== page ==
Editor’s note: Nooga.com asked readers to share stories and memories about Bobby Stone, who died unexpectedly in a boating accident last weekend. We talked to eight of his friends for this article.
Stone’s memorial service is scheduled for Friday at 4 p.m. at Rivermont Presbyterian Church, 3319 Hixson Pike, according to Stone’s obituary, which also has information about donations in lieu of flowers.
There will also be an event Friday evening to honor Stone at the Tivoli Theater in downtown Chattanooga following the memorial.
Chattanooga entrepreneur, philanthropist and creative leader Bobby Stone was the kind of person who cleaned litter off the road—while cursing whoever threw it out—because it was the right thing to do.
He was the kind of man who walked up to strangers, asked them questions, found something in common and came away with a new friend.
“He had more friends—and I mean good friends—than anybody I’ve ever seen,” friend and Sportsbarn Managing Partner David Brock said.
Stone’s untimely death struck heartache into his huge circle of comrades, some of whom spoke about his early, groundbreaking contributions to the creative community.
Stone was the former president and co-founder of award-winning video production company Atomic Films, which was established in the 1980s and is one of downtown’s earliest creative startups.
“Atomic Films was Chattanooga’s first digital video production company, even though Bobby started in film,” friend and former BlueCross BlueShield of Tennessee executive and past Chattanooga Area Chamber of Commerce President Ron Harr said. “He pioneered the transition to digital.”
In his retirement, Stone continued documenting and creating, often covering local protests and events, sometimes doing projects for free.
Stone also loved music, food and photography, and in recent years he often watched old shows on Turner Classic Movies, friends said.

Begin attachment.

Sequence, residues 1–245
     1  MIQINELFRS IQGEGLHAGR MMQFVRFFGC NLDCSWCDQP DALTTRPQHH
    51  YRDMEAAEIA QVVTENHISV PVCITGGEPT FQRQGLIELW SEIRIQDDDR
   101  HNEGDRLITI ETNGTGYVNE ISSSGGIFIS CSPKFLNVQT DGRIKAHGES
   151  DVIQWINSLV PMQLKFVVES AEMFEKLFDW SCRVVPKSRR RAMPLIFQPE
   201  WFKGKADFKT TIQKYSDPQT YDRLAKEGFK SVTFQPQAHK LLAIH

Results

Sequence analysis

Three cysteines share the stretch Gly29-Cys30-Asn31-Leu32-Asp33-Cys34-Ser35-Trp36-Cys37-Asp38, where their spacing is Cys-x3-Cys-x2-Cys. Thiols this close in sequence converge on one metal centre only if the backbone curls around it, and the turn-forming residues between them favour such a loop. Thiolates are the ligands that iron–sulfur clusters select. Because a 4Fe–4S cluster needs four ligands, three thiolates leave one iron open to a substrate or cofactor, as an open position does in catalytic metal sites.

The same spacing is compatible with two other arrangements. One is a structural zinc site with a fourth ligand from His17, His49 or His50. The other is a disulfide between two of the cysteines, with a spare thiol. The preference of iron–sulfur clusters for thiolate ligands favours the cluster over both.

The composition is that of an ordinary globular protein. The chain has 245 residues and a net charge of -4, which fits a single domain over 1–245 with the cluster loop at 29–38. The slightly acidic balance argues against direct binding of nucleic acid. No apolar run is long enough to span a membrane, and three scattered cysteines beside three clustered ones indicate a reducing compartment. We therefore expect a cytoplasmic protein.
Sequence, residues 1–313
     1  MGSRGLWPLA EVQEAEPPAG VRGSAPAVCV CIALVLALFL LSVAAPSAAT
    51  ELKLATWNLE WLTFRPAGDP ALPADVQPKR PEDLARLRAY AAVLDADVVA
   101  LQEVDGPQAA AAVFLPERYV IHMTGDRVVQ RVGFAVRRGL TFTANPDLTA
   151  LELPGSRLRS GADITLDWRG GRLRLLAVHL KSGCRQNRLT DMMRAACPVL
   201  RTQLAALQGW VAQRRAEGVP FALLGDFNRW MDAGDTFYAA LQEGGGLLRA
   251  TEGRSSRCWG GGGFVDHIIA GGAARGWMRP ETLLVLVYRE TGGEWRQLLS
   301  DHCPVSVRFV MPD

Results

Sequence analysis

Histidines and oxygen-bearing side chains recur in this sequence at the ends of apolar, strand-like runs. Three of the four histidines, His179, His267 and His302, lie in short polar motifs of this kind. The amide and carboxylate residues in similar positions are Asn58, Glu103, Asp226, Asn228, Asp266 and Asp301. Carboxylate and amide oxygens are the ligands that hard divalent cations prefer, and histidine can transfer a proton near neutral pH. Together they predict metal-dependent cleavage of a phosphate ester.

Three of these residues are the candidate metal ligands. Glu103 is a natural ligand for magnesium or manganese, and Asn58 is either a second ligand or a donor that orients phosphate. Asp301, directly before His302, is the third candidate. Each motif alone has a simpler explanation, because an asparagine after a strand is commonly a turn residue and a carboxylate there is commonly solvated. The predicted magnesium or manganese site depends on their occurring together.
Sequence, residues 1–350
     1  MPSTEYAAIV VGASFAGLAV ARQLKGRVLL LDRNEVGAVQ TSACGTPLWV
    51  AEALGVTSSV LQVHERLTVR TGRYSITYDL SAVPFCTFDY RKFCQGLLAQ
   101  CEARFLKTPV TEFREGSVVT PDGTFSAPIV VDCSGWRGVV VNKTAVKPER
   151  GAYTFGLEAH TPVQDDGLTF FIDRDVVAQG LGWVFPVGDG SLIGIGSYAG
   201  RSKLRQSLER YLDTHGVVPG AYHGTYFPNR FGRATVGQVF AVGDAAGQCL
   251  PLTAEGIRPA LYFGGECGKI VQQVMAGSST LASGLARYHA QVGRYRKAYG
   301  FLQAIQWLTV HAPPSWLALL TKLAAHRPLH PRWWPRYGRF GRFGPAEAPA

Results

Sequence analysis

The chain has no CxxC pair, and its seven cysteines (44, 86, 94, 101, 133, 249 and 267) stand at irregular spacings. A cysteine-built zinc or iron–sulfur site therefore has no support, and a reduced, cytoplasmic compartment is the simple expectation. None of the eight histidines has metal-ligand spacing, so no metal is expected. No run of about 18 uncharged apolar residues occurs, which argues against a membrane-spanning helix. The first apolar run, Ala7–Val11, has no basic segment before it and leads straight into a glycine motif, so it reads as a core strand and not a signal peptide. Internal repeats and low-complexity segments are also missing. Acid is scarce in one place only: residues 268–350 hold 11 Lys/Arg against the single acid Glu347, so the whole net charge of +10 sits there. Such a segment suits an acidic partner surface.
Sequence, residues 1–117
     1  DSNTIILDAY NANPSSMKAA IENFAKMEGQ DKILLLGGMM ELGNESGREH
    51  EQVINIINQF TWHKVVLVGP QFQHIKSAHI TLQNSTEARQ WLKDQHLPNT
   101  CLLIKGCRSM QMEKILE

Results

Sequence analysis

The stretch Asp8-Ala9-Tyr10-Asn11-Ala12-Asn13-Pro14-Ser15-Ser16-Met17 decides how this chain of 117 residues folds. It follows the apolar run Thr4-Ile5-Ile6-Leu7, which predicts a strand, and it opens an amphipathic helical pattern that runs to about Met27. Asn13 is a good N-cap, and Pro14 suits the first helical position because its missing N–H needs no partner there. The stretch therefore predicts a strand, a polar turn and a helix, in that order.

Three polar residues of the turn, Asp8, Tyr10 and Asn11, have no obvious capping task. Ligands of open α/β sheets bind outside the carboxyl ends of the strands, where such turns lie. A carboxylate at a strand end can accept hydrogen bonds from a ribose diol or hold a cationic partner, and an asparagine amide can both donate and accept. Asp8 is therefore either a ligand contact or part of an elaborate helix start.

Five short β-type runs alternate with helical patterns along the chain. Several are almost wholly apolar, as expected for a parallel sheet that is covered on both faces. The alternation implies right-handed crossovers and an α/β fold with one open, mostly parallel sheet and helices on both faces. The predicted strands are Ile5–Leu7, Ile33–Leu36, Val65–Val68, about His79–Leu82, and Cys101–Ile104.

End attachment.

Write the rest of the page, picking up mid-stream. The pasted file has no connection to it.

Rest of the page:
Longtime friend Mike Pollock, who is the executive director of the Lula Lake Land Trust, went to Baylor School with Stone, became great friends with him in the mid-80s and had lunch or a drink with him every week. He recalled that once on a trip to New Orleans, Stone asked a server at breakfast if he could take her photo.
“He talked to her, and she just beamed,” Pollock said. “She came alive.”
Stone was the kind of person who called a former girlfriend every year to sing happy birthday even though they’d broken up decades ago.
He was the kind of man who saw that a local high school band needed support, so quietly rallied to raise money to help them.
Stone loved animals and oysters and boating. He had a Master Captain’s License. He got worked up about politics.
He checked on and took care of his neighbors, some of whom were elderly.
Popular Chattanooga caterer and chef Lee Towery talked to Stone multiple times a day and called him her best friend. She said Stone printed cards with his contact information on them for his neighbors; it was his way to signal, “If you need me, I’m here.”
Once, with Towery, he took out the garbage for a widow who lived on his street and spent an hour talking to her about her late husband while looking around for anything he could repair in her home, Towery said.
Owen Seaton, another friend and former creative services director for UTC Athletics, spoke about Stone’s outgoing, charitable character.
“I think the way I could sum him up best is he loved life and he loved people…” he said. “He loved the city…everything he was a part of was about making the city better.”